The best dog-friendly days out in Herefordshire
5 minute read
Offa's Dyke Path
The leafy county of Herefordshire borders the Shropshire Hills, the Forest of Dean and the Brecon Beacons National Park, so it’s certainly not short of a fine walk or two. Why not go big or go home, on the Offa’s Dyke Path, one of the most famous walking routes in Britain. Running for 177 miles, linking Chepstow to Prestatyn, the ancient border between England and Wales was built by King Offa in the eighth century. There’s a brilliant circular walk from Kington to Hergest Ridge, which has 360-degree views of the Malverns, the Black Mountains and Cley Hill, plus a cool copse of monkey puzzle trees to sniff out.
One of Britain’s few historic attractions which allow dogs in the house and the gardens, Eastnor Castle is a must-see on your next dog-friendly holiday to Herefordshire. This grand 19th-century Norman Revival mock castle was built by Lord Somers. Good dogs on leads are allowed to explore the Great Hall, the Gothic Drawing Room and the State Dining Room, as well as peek Into some of the snazzy castle bedrooms. They are also free to snuffle around the grounds, the arboretum and the Knight’s Maze. There’s even an off-lead area where they can scamper through the trees.
From £14 entry
Canoeing in Hay-on-Wye
One of the most beautiful waterways in Britain, the River Wye is always best seen at duck-eye level. Dogs weighing under 20kg are welcome to join you in a scenic canoe trip down the Wye. Humans must keep their hounds under control and not allow them to swim or scare the wildlife, and leads and collars must be removed when in the canoe. After your adventures, refuel with tea and vintage curiosities at the Old Electric Shop or amongst the literary greats at Richard Booth’s Bookshop on Lion Street, a brilliant bookshop, cafe and cinema which also warmly welcomes four-legged browsers.
Up to £35 per person (dogs free)
Take a cider tour
Famous for its apple and pear orchards – Herefordshire was once the biggest cider producer in the world – it’s nigh on impossible to come and not sample the local tipple. Many cider farms offer tours and tastings, including Westons Cider Mill in Much Marcle, where thirsty dogs are welcome in the courtyard and outdoor seating areas, and on the nature walks from the mill. Do try some of the smaller craft cider farms dotted around the county, such as Ty Gwyn at Pontrilas, which has a quirky dog-friendly bar, a shop with free tastings and marvellous views of the Black Mountains.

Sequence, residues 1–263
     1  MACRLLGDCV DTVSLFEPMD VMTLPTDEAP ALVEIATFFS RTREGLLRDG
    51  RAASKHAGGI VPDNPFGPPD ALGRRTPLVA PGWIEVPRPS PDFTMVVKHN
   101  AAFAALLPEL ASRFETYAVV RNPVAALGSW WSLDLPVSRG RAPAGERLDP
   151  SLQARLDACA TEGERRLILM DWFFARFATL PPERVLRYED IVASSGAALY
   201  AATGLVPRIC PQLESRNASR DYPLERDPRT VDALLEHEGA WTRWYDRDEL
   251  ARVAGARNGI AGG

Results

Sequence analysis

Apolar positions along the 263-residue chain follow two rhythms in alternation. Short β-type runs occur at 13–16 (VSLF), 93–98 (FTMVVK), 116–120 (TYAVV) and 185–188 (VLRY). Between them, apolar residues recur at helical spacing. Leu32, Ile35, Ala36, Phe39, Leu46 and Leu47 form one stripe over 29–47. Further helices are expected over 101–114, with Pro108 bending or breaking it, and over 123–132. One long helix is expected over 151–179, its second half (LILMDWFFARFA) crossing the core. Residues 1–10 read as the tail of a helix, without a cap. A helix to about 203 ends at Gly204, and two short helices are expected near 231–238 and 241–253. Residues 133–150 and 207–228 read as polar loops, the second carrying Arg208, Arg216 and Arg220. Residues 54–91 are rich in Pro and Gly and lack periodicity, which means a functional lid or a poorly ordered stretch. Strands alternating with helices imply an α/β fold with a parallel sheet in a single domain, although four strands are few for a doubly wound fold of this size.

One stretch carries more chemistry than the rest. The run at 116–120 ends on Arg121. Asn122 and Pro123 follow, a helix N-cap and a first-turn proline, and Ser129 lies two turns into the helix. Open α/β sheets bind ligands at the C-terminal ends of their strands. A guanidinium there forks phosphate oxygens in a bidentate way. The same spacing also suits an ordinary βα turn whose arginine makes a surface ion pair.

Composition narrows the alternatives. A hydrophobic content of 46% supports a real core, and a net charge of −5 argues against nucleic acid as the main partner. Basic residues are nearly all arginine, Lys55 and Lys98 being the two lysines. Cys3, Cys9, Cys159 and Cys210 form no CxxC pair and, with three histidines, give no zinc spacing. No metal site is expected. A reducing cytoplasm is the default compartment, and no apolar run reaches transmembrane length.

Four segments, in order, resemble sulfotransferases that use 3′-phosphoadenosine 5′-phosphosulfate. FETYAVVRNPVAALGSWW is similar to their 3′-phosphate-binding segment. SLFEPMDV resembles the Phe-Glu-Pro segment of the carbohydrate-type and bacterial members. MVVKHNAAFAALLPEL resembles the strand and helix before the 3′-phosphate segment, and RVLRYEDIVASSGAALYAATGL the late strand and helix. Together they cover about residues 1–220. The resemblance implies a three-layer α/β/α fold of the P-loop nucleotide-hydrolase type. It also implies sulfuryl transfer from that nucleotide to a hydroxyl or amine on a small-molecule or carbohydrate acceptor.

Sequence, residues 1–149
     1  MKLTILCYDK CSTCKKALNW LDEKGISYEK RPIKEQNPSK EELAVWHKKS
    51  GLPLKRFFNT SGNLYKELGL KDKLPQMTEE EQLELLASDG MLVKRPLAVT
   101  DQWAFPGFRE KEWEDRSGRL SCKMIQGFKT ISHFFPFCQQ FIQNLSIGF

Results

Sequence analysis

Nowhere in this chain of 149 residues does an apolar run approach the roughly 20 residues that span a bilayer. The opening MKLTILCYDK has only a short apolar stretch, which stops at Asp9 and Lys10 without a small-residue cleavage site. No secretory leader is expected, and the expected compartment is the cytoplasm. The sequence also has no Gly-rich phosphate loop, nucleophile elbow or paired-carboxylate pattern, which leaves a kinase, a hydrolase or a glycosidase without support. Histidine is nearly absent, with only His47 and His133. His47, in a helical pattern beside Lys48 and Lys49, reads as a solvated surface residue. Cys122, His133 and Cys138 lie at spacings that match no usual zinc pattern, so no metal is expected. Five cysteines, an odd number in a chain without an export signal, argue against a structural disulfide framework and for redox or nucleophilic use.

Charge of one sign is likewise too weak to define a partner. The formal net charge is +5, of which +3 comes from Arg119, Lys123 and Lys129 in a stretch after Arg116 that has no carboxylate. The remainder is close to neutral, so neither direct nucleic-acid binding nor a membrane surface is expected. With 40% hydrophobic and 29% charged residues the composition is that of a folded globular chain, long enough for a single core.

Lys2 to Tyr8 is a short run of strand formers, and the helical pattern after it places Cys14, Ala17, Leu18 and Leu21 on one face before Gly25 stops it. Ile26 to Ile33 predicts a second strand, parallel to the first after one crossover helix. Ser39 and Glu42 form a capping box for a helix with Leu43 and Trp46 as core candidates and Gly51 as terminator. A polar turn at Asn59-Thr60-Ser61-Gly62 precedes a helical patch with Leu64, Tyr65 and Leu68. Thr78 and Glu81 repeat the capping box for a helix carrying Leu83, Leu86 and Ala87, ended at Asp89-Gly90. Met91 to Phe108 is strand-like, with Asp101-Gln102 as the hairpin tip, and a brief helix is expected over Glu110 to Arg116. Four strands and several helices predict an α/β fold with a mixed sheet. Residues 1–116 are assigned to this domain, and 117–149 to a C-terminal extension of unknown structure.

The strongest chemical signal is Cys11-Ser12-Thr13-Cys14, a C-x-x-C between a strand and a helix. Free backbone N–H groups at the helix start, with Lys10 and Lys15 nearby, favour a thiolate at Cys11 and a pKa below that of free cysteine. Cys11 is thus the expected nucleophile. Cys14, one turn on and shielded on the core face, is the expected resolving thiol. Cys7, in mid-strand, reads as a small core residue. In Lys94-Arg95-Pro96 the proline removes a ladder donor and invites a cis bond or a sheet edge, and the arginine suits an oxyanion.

Tours from £15
Westonbury Mill Water Gardens
Woof and smell the flowers at Westonbury Mill Gardens. Fed by the fresh waters of Curl Brook, these serene water gardens are a peaceful place to explore with your pup. Open between April and the end of September, Westonbury Mill welcomes good dogs on leads, who can snuffle around the Big Pond and Bog Garden, cross the maze-like water channels in the Cairn Garden, and trot over the ‘Monet’ Bridge and see the Lily Pond. After exploring the gardens and curious follies, including the Stone Water Tower, Giant Cuckoo Clock and Glass Bottle Dome, which is made from 5,000 coloured wine bottles, settle in with a bowl of water and some homemade cake in the cafe.
From £7 entry
There are plenty of dog-friendly National Trust and English Heritage properties dotted around Herefordshire, including Berrington Hall, the home of ‘Capability’ Brown’s final landscape, Croft Castle and The Weir Garden. But a firm favourite with two and four-legged visitors is Goodrich Castle, one of the best-preserved medieval fortresses in the country. Promising magnificent views over the border between England and Wales, good dogs on leads are warmly welcomed everywhere in the castle and its grounds, even the tearoom, where they provide water bowls and biscuits for pups and tasty treats for humans.
From £9.50 entry
Visit Goodrich Castle >